The PSI theory is a theory of human action regulation by psychologist Dietrich Dörner [1, 2]. It is an attempt to create a body-mind link for virtual agents. It aims at the integration of cognitive processes, emotions and motivation. This theory is unique in such a way that emotions are not explicitly defined but emerges from modulation of perception, action-selection, planning and memory access. Emotions become apparent when the agents interact with the environment and display expressive behavior, resulting in a configuration that resembles emotional episodes in biological agents. The agents react to the environment by forming memories, expectations and immediate evaluations.
PSI agents possess a number of modulators and built-in motivators that lie within a range of intensities. These parameters combined to produce complex behavior that can be interpreted as being emotional. Additionally, by regulating these parameters, the agent is able to adapt itself to the different circumstances in the environment. This theory has been applied to different virtual agent simulations in different type of environments [3, 4, 5, 6, 7] and has proven to be a promising theory for creation of biologically plausible agents.
More information can be found at http://web.uni-bamberg.de/ppp/insttheopsy/ (In German but there are some papers in English). Some simulation software is also available for download from this site.
 Dörner, D.: The mathematics of emotions. In Frank Detje, D.D., Schaub, H., eds.:
Proceedings of the Fifth International Conference on Cognitive Modeling,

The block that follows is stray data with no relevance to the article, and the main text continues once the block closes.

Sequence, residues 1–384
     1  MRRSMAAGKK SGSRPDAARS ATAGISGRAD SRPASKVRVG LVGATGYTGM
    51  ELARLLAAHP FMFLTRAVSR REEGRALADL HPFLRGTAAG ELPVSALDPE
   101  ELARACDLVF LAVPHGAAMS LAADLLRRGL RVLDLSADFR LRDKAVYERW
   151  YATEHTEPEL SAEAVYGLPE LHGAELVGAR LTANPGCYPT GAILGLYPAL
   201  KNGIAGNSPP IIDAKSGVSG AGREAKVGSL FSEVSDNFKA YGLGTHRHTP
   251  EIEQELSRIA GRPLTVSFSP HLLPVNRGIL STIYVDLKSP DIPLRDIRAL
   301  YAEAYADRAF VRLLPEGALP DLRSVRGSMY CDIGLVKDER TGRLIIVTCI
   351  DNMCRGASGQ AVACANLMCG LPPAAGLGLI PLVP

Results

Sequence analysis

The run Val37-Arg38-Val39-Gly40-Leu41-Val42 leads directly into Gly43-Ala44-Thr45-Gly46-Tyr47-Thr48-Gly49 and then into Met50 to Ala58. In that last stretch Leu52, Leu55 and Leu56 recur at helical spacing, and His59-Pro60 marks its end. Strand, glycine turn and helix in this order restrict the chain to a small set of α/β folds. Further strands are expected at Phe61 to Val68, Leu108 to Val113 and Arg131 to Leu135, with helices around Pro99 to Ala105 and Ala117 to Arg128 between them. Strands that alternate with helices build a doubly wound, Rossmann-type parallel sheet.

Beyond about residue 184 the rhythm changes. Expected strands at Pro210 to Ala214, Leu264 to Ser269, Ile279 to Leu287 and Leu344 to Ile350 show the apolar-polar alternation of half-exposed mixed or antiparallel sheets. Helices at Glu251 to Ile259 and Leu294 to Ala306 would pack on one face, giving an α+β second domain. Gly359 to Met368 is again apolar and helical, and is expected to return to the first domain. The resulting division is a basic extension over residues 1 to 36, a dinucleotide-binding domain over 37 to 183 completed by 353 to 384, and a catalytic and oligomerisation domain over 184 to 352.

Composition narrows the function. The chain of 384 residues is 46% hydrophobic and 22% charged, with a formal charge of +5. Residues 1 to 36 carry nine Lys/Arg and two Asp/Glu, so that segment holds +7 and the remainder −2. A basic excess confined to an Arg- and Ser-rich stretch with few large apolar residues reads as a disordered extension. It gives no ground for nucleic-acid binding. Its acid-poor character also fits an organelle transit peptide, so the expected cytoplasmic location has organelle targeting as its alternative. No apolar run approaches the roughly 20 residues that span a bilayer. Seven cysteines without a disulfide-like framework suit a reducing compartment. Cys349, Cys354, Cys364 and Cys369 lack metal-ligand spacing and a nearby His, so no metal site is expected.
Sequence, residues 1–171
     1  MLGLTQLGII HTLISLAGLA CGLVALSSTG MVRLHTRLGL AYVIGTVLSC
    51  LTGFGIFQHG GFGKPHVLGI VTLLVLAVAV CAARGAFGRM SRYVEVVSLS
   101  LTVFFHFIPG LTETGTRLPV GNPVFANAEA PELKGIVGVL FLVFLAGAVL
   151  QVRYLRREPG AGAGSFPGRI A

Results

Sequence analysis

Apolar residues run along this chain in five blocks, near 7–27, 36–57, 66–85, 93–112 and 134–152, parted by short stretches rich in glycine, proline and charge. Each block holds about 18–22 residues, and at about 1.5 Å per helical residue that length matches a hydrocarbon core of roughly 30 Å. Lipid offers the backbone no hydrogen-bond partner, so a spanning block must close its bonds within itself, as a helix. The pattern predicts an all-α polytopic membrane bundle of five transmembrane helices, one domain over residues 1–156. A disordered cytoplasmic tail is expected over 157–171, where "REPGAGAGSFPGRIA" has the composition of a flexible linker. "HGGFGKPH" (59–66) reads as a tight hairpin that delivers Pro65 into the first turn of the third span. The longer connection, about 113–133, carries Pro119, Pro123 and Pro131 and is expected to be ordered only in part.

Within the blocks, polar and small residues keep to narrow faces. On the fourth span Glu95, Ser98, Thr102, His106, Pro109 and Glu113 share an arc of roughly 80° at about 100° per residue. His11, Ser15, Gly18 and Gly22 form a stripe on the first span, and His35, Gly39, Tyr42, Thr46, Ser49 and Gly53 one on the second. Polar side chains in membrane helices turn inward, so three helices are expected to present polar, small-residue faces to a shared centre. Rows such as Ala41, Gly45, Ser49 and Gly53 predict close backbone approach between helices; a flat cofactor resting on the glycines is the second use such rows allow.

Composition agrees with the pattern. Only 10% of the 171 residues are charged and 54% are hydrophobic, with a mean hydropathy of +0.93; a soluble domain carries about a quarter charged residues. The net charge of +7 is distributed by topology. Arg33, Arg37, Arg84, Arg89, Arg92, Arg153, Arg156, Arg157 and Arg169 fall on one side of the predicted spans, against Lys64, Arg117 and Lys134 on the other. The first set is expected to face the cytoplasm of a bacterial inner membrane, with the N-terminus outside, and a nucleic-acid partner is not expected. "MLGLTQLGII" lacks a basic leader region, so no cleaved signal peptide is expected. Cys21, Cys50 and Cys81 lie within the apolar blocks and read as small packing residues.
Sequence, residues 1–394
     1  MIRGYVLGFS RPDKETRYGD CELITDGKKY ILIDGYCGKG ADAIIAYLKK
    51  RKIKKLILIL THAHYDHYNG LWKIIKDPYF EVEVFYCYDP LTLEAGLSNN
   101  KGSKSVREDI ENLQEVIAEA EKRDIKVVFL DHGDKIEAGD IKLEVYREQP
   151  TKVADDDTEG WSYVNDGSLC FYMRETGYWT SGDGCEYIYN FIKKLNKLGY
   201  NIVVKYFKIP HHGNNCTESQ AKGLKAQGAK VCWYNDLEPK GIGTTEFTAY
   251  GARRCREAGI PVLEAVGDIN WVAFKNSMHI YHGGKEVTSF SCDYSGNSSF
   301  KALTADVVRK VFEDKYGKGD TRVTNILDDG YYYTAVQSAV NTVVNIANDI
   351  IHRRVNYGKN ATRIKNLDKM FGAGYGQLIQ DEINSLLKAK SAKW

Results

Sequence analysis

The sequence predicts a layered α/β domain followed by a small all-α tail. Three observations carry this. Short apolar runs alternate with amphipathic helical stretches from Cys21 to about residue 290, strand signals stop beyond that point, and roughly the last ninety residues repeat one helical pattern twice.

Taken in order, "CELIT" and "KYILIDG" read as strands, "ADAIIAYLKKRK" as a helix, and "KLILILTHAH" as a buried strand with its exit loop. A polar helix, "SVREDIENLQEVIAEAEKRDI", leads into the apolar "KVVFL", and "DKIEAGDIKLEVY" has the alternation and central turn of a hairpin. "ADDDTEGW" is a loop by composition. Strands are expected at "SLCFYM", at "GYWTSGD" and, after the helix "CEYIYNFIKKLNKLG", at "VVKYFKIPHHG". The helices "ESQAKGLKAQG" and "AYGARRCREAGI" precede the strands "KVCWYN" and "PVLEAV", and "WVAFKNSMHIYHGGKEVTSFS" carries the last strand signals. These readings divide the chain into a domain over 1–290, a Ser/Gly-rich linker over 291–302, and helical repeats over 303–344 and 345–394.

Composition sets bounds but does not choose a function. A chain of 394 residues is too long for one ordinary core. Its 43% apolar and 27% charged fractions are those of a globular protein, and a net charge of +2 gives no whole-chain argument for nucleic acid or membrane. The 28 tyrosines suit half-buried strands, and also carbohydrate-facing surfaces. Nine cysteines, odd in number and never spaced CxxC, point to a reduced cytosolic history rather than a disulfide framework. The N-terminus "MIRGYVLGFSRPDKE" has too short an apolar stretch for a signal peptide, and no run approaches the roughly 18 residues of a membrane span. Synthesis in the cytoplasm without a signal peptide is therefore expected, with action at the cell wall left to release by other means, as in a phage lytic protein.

Katrin Hille, A Theory on Emotion, http://web.uni-bamberg.de/ppp/insttheopsy/dokumente/Hille_A_theory_of_emotion.pdf
 D. Dörner and K. Hille. Articial souls: Motivated emotional robots. In Proceedings of the International Conference on Systems, Man and Cybernetics, pages 3828–3832, 1995.
 Bartl, C., Dörner, D.: Comparing
the behavior of psi with
human behavior in the biolab
game. In Ritter, F.E., Young, R.M., eds.: Proceedings of the Second
International Conference on Cognitive Modeling,
 Mei Yii Lim, Ruth Aylett & Christian Martyn Jones, Emergent Affective and Personality Model, The 5th International Working Conference on Intelligent Virtual Agents (IVA’05), LNAI 3661, Kos, Greece, September 12-14, 2005
 M.Y. Lim, R. Aylett & C.M. Jones, "Affective Guide with Attitude", Proceedings of the 1st International Conference on Affective Computing and Intelligent Interaction, Beijing, China, 22-24 October, 2005. http://www.macs.hw.ac.uk/~ruth/Papers/agents-affect/ACII05-mei.pdf
 Harald Schaub, Introduction and Delineation of the Investigation, June 2, 2004 http://web.uni-bamberg.de/ppp/insttheopsy/dokumente/Schaub_The_year_of_the_gardener._Behaviour_modelling_in_a_complex_situation._(Memo-MPG09).pdf